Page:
World

Rural woman march in Brazil's capital in defense of their rights and demand agrarian reform

  • Women from across Brazil take part in the March of the Daisies in Brasilia, Brazil, Wednesday, Aug. 12, 2015. The annual women's march is an act to support the rights of agriculture workers and their communities, as well a protest against inequality and gender violence. (AP Photo/Eraldo Peres)

    Women from across Brazil take part in the March of the Daisies in Brasilia, Brazil, Wednesday, Aug. 12, 2015. The annual women's march is an act to support the rights of agriculture workers and their communities, as well a protest against inequality and gender violence. (AP Photo/Eraldo Peres)  (The Associated Press)

  • Women from across Brazil take part in the March of the Daisies in Brasilia, Brazil, Wednesday, Aug. 12, 2015. The annual women's march is an act to support the rights of agriculture workers and their communities, as well a protest against inequality and gender violence. (AP Photo/Eraldo Peres)

    Women from across Brazil take part in the March of the Daisies in Brasilia, Brazil, Wednesday, Aug. 12, 2015. The annual women's march is an act to support the rights of agriculture workers and their communities, as well a protest against inequality and gender violence. (AP Photo/Eraldo Peres)  (The Associated Press)

  • Women from across Brazil take part in the March of the Daisies in Brasilia, Brazil, Wednesday, Aug. 12, 2015. The annual women's march is an act to support the rights of agriculture workers and their communities, as well a protest against inequality and gender violence. (AP Photo/Eraldo Peres)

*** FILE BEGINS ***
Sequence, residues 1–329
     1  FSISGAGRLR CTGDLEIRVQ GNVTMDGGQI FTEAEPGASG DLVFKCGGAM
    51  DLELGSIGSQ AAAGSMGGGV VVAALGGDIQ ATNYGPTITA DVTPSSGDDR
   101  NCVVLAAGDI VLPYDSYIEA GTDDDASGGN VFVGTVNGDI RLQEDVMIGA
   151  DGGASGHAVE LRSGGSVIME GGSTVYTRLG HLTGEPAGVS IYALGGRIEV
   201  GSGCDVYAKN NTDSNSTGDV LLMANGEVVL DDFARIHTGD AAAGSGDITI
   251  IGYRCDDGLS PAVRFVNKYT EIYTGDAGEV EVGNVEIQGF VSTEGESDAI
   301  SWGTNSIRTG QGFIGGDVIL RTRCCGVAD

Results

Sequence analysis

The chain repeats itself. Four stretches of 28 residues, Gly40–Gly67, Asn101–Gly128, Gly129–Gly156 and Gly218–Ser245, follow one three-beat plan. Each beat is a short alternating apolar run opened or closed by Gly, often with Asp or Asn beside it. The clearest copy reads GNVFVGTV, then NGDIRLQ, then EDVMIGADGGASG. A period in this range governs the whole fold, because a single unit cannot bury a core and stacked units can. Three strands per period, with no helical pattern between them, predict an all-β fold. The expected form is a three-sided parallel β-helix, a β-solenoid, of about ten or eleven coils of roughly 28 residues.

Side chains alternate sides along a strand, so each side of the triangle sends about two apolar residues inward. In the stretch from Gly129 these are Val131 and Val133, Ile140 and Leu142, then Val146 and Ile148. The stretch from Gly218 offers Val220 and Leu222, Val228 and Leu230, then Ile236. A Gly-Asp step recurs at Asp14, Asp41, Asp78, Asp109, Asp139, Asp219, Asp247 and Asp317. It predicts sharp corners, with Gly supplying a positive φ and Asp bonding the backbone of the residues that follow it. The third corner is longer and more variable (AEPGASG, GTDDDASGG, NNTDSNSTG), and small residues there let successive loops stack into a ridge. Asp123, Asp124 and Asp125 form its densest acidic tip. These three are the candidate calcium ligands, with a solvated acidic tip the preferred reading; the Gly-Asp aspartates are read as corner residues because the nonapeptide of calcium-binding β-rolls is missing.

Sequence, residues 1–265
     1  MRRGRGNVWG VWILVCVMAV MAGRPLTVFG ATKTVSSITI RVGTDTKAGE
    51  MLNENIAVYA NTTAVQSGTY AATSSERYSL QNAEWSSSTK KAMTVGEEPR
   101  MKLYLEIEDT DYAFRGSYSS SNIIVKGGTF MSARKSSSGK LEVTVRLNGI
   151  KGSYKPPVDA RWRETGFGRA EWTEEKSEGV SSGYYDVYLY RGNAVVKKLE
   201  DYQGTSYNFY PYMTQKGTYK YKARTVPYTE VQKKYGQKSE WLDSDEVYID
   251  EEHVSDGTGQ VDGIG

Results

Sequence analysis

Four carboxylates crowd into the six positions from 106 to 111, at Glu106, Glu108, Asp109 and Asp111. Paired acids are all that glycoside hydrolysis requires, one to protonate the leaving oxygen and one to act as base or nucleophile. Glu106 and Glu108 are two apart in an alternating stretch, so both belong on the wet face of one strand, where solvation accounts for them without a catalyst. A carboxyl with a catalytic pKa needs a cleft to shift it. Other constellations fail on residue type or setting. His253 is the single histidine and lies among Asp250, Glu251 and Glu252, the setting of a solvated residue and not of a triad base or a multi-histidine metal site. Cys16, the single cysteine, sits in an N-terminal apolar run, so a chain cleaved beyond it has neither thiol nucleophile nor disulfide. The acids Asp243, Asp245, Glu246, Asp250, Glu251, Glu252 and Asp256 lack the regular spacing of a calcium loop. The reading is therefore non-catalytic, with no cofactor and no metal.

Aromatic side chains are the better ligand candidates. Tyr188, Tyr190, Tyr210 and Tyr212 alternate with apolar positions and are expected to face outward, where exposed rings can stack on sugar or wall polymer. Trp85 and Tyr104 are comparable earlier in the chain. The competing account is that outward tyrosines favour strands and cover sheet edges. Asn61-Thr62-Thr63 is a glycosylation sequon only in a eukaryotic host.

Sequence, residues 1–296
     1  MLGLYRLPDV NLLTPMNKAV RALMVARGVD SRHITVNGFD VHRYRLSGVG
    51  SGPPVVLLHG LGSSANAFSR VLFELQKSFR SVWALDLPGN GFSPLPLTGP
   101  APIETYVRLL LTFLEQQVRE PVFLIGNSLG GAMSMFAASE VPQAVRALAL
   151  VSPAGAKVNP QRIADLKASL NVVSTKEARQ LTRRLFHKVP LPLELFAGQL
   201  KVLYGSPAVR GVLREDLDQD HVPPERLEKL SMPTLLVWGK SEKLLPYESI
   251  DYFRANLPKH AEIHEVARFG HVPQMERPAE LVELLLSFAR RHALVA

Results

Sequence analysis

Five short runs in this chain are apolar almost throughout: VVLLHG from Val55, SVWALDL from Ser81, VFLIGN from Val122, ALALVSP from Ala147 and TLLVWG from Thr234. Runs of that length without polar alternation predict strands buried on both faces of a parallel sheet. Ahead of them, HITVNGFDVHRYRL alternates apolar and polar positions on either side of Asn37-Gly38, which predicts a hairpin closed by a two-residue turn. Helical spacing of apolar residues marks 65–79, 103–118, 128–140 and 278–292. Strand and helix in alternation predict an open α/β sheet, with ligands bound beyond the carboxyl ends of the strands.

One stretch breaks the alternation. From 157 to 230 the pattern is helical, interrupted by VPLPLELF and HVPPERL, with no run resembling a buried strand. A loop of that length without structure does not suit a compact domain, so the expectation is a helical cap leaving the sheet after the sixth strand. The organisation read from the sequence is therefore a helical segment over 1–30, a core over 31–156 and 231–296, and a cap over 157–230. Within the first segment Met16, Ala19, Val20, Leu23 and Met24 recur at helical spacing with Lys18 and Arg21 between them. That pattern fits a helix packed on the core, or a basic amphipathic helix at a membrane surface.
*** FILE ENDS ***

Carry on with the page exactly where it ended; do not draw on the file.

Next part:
Women from across Brazil take part in the March of the Daisies in Brasilia, Brazil, Wednesday, Aug. 12, 2015. The annual women's march is an act to support the rights of agriculture workers and their communities, as well a protest against inequality and gender violence. (AP Photo/Eraldo Peres)  (The Associated Press)

More than 30,000 rural women took part in a march Wednesday demanding sustainable development, agrarian reform and an end to gender violence and inequality in Brazil.

The Brasilia police department estimated 35,000 women participated in the three-hour "Marcha das Margaridas." The protest was named for Margarida Maria Alves, a human rights activist and union leader killed in 1983 by a hired gunman in the northeastern state of Paraiba.

The women marched from the capital's Mane Garrincha stadium to a large grassy area in front of Congress and back to the stadium, where President Dilma Rousseff addressed them.

Rousseff told the crowd that her government is determined to "guarantee more rights and more opportunities for women."

"There is zero tolerance in my government for violence against women," Rousseff said, adding that she is committed to "fighting violence against women in all of its forms."

"We are all partners in the struggle for justice, freedom and democracy" she said.